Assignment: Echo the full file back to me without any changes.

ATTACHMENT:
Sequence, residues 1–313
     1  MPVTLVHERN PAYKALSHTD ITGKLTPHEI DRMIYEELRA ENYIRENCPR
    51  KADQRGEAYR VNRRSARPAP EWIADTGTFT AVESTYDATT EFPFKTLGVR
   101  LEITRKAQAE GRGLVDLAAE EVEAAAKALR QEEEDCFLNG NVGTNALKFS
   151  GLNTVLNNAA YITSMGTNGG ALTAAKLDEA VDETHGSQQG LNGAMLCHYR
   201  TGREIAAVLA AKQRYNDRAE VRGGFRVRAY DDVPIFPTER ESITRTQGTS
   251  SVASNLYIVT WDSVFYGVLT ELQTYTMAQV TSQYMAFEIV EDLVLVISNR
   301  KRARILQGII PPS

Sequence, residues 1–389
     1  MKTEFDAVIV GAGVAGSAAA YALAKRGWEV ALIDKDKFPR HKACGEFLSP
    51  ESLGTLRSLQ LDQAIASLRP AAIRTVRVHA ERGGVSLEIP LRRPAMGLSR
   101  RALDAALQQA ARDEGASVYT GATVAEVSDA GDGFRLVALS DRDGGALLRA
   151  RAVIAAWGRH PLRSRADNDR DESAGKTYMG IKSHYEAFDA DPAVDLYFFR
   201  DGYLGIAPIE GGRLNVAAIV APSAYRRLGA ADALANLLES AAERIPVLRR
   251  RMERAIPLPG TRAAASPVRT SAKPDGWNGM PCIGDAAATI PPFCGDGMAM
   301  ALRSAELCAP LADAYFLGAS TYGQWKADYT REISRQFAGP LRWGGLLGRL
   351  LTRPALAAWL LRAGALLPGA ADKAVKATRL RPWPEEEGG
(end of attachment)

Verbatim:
Sequence, residues 1–313
     1  MPVTLVHERN PAYKALSHTD ITGKLTPHEI DRMIYEELRA ENYIRENCPR
    51  KADQRGEAYR VNRRSARPAP EWIADTGTFT AVESTYDATT EFPFKTLGVR
   101  LEITRKAQAE GRGLVDLAAE EVEAAAKALR QEEEDCFLNG NVGTNALKFS
   151  GLNTVLNNAA YITSMGTNGG ALTAAKLDEA VDETHGSQQG LNGAMLCHYR
   201  TGREIAAVLA AKQRYNDRAE VRGGFRVRAY DDVPIFPTER ESITRTQGTS
   251  SVASNLYIVT WDSVFYGVLT ELQTYTMAQV TSQYMAFEIV EDLVLVISNR
   301  KRARILQGII PPS

Sequence, residues 1–389
     1  MKTEFDAVIV GAGVAGSAAA YALAKRGWEV ALIDKDKFPR HKACGEFLSP
    51  ESLGTLRSLQ LDQAIASLRP AAIRTVRVHA ERGGVSLEIP LRRPAMGLSR
   101  RALDAALQQA ARDEGASVYT GATVAEVSDA GDGFRLVALS DRDGGALLRA
   151  RAVIAAWGRH PLRSRADNDR DESAGKTYMG IKSHYEAFDA DPAVDLYFFR
   201  DGYLGIAPIE GGRLNVAAIV APSAYRRLGA ADALANLLES AAERIPVLRR
   251  RMERAIPLPG TRAAASPVRT SAKPDGWNGM PCIGDAAATI PPFCGDGMAM
   301  ALRSAELCAP LADAYFLGAS TYGQWKADYT REISRQFAGP LRWGGLLGRL
   351  LTRPALAAWL LRAGALLPGA ADKAVKATRL RPWPEEEGG